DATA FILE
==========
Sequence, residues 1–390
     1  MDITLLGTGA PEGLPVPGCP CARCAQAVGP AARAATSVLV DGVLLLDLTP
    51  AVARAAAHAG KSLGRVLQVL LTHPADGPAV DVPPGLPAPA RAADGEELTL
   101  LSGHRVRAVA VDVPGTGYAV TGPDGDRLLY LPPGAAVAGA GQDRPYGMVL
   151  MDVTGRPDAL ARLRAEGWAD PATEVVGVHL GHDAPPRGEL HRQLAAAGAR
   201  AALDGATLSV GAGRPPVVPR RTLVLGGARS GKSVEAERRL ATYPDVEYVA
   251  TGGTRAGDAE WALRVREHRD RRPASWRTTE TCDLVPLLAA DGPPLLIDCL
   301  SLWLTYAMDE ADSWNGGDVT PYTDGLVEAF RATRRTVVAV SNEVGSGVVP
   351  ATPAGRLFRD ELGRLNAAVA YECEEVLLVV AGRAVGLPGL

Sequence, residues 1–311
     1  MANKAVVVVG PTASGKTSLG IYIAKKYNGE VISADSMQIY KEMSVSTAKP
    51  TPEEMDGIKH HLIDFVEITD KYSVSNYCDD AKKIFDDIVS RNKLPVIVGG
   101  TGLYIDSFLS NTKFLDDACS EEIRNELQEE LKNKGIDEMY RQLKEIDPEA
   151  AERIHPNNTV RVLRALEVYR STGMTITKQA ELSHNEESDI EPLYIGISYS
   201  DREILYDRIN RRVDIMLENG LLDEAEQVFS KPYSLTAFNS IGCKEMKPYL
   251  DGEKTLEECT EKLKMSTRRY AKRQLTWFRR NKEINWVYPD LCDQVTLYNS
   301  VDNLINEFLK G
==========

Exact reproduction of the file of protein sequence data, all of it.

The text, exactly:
Sequence, residues 1–390
     1  MDITLLGTGA PEGLPVPGCP CARCAQAVGP AARAATSVLV DGVLLLDLTP
    51  AVARAAAHAG KSLGRVLQVL LTHPADGPAV DVPPGLPAPA RAADGEELTL
   101  LSGHRVRAVA VDVPGTGYAV TGPDGDRLLY LPPGAAVAGA GQDRPYGMVL
   151  MDVTGRPDAL ARLRAEGWAD PATEVVGVHL GHDAPPRGEL HRQLAAAGAR
   201  AALDGATLSV GAGRPPVVPR RTLVLGGARS GKSVEAERRL ATYPDVEYVA
   251  TGGTRAGDAE WALRVREHRD RRPASWRTTE TCDLVPLLAA DGPPLLIDCL
   301  SLWLTYAMDE ADSWNGGDVT PYTDGLVEAF RATRRTVVAV SNEVGSGVVP
   351  ATPAGRLFRD ELGRLNAAVA YECEEVLLVV AGRAVGLPGL

Sequence, residues 1–311
     1  MANKAVVVVG PTASGKTSLG IYIAKKYNGE VISADSMQIY KEMSVSTAKP
    51  TPEEMDGIKH HLIDFVEITD KYSVSNYCDD AKKIFDDIVS RNKLPVIVGG
   101  TGLYIDSFLS NTKFLDDACS EEIRNELQEE LKNKGIDEMY RQLKEIDPEA
   151  AERIHPNNTV RVLRALEVYR STGMTITKQA ELSHNEESDI EPLYIGISYS
   201  DREILYDRIN RRVDIMLENG LLDEAEQVFS KPYSLTAFNS IGCKEMKPYL
   251  DGEKTLEECT EKLKMSTRRY AKRQLTWFRR NKEINWVYPD LCDQVTLYNS
   301  VDNLINEFLK G